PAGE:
In today’s gospel the shepherds again appear beside the manger of Jesus. On receiving the news from heaven, they go to Bethlehem and find Joseph, Mary and the baby in a manger. They do not find anything extraordinary. They see only a baby with his father and his mother.
Nevertheless, in that weak being, needing help and protection, they recognise the saviour. The shepherds represent all the poor, the excluded that, almost by instinct, acknowledge in the baby of Bethlehem the Messiah from heaven.
In the first chapters of his gospel, Luke often reveals the marvel and the immense joy of the persons who felt involved in the plan of God.
Elizabeth, having discovered herself to be pregnant, repeats to all: “This for me is the Lord’s doing” (Luke 1:25). Simeon and prophet Anna bless God who has granted them the privilege of seeing the salvation prepared for all the people (Luke 2:30-38); Mary and Joseph are also amazed and astonished (Luke 2:33,38).
All of them have the eyes and heart of a baby that accompanies each gesture of the father. He smiles, because in all that the father does he captures a sign of his love.
“For the kingdom of God belong to such as these—Jesus says one day—and whoever does not receive the kingdom of God like a child will not enter it” (Mark 10:14-15).
In the second part of the gospel (v.19), the reaction of Mary to the story of the shepherds is emphasized: “She treasured all these words and pondered them in her heart.”
Luke says that Mary “gathered together all the facts,” bound them and she captured the meaning; she discovered the connecting link; she contemplated the realisation of God’s plan.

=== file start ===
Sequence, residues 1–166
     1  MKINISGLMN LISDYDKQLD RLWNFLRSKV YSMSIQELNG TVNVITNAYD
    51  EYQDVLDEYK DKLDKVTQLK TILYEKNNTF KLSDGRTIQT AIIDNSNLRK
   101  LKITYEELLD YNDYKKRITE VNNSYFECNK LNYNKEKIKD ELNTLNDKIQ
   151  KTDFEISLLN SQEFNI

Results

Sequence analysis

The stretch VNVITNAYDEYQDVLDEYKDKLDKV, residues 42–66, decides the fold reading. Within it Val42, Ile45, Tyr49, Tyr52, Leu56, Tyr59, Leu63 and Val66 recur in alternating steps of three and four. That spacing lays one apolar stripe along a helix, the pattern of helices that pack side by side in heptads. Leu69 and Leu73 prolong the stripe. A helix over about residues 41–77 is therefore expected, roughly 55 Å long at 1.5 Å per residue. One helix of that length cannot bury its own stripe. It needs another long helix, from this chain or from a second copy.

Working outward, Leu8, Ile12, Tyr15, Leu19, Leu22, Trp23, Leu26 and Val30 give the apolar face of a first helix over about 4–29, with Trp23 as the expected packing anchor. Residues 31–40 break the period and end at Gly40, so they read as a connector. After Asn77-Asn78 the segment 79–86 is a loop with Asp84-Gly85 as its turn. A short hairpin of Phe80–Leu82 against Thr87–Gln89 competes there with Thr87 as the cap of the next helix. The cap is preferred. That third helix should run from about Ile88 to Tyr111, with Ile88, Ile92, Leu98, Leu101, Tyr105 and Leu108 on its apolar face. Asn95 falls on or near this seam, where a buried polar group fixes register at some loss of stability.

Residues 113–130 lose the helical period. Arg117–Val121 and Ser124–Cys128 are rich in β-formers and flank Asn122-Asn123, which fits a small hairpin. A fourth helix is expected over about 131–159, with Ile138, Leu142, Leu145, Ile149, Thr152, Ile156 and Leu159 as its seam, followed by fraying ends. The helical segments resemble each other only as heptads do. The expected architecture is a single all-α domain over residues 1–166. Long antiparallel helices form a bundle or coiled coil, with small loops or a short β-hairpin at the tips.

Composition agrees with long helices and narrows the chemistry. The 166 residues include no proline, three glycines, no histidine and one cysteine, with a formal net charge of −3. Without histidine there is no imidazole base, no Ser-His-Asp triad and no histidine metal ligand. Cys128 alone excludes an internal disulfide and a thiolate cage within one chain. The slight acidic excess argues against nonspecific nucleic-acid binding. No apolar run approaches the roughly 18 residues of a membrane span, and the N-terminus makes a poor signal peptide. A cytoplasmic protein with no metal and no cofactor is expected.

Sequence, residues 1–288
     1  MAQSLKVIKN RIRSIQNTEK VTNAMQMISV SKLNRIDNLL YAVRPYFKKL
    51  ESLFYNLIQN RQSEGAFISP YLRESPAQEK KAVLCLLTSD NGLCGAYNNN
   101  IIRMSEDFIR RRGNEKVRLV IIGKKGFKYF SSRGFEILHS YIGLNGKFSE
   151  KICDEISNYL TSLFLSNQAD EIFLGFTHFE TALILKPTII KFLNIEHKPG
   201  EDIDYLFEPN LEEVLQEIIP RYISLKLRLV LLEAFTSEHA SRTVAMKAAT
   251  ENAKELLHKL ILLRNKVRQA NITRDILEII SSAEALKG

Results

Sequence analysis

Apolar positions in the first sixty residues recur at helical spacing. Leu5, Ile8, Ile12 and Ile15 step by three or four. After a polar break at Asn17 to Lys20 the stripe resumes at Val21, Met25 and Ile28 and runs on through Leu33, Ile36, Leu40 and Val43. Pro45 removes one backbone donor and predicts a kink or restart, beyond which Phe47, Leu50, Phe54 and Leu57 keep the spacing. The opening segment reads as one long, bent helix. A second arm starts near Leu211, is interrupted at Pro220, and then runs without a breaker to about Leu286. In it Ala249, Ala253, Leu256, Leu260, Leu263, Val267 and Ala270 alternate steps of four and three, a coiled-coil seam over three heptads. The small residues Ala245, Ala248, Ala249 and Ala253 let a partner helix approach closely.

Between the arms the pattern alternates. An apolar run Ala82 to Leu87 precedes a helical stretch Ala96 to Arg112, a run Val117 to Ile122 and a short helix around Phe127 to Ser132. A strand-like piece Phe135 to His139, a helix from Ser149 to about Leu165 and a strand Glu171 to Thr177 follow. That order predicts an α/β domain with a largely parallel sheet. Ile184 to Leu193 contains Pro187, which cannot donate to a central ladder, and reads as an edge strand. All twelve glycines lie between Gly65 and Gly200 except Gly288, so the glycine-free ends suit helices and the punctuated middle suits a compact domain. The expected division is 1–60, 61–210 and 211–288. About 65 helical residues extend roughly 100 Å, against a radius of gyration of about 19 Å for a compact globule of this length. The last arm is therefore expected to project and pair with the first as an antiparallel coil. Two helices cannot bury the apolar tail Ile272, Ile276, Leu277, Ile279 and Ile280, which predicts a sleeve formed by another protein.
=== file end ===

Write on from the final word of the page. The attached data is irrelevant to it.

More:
She meditated, observed with an attentive eye each event in order not to be conditioned by ideas, convictions and traditions of her people and be receptive to and prepared for God’s surprises.
A certain Marian devotion has distanced her from our world and from our human condition, anguish, doubts and uncertainties.
Luke presents her in a right perspective, as a sister who fulfilled a journey of faith, similar to ours.
Mary does not understand everything from the beginning: she marvels at what Simeon says of the child. She is almost taken by surprise (Luke 2:33).
She was amazed as were the apostles and all the people before God’s works (Luke 9:43-45). She does not understand the words of her son who chose to commit himself to the Father’s affairs (Luke 2:50).
Mary does not understand, but observes, meditates, reflects and after Easter (not before), she will understand everything; she will clearly see the meaning of that which happened.
Luke will present her, for the last time, at the beginning of the book of the Acts of the Apostles.
He will put her in her place, in the community of believers: “All of these together gave themselves to constant prayer. With them were some women and also Mary, the mother of Jesus, and his brothers” (Acts 1:14). She was blessed because she believed (Luke 1:45).
• Father Fernando Armellini SCJ